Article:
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HBV Life Cycle: Entry and Morphogenesis
AbstractHepatitis B virus (HBV) is a major cause of liver disease. HBV primarily infects hepatocytes by a still poorly understood mechanism. After an endocytotic process, the nucleocapsids are released into the cytoplasm and the relaxed circular rcDNA genome is transported towards the nucleus where it is converted into covalently closed circular cccDNA. Replication of the viral genome occurs via an RNA pregenome (pgRNA) that binds to HBV polymerase (P). P initiates pgRNA encapsidation and reverse transcription inside the capsid. Matured, rcDNA containing nucleocapsids can re-deliver the RC-DNA to the nucleus, or be secreted via interaction with the envelope proteins as progeny virions.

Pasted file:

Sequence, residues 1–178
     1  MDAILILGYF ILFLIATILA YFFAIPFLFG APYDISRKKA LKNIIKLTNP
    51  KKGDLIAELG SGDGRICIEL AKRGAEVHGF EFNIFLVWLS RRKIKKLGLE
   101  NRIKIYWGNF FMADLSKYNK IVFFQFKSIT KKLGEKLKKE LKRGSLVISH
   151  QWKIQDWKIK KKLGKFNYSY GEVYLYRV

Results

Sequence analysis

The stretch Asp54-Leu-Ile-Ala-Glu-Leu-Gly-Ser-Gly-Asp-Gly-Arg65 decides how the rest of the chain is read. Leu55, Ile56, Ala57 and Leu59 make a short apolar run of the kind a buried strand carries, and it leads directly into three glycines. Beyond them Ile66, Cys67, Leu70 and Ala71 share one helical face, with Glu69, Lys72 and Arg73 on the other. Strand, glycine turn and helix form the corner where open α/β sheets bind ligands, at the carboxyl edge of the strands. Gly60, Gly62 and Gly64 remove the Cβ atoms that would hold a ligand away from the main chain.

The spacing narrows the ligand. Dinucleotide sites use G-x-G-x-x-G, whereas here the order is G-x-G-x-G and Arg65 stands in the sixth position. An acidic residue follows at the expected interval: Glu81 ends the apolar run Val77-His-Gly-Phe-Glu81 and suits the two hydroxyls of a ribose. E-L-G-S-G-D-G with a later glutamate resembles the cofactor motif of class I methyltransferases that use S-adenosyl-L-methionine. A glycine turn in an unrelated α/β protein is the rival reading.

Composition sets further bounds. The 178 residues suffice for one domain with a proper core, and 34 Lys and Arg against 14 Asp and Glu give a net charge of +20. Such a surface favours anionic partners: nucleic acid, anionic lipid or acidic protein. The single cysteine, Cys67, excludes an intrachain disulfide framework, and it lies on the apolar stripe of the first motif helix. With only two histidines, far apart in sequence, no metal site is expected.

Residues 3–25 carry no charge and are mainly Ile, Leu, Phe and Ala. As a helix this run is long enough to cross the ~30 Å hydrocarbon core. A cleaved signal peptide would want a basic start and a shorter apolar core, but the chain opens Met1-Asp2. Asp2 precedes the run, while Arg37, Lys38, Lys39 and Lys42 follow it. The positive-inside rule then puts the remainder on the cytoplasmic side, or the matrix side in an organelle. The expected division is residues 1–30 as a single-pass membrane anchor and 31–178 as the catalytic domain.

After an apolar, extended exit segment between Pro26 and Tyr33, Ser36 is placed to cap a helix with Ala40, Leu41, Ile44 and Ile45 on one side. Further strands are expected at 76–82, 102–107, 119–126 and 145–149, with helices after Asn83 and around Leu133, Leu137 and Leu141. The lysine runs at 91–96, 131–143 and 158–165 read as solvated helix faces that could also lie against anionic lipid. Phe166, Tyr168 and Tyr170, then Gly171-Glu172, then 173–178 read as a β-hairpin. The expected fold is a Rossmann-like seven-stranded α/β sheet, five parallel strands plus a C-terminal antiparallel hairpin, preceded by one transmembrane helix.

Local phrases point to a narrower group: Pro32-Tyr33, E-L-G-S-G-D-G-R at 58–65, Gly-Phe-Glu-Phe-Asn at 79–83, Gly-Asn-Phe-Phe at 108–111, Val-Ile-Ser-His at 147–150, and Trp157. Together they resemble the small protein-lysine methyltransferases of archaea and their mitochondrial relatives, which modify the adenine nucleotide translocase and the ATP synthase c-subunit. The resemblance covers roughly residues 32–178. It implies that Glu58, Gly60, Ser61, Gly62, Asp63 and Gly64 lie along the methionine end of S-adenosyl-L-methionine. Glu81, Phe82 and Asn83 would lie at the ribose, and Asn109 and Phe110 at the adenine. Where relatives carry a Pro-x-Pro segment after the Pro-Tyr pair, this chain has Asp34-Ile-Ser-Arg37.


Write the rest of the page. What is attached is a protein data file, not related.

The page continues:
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Schädler, S.; Hildt, E. HBV Life Cycle: Entry and Morphogenesis. Viruses 2009, 1, 185-209.View more citation formats
Schädler S, Hildt E. HBV Life Cycle: Entry and Morphogenesis. Viruses. 2009; 1(2):185-209.Chicago/Turabian Style
Schädler, Stephanie; Hildt, Eberhard. 2009. "HBV Life Cycle: Entry and Morphogenesis." Viruses 1, no. 2: 185-209.
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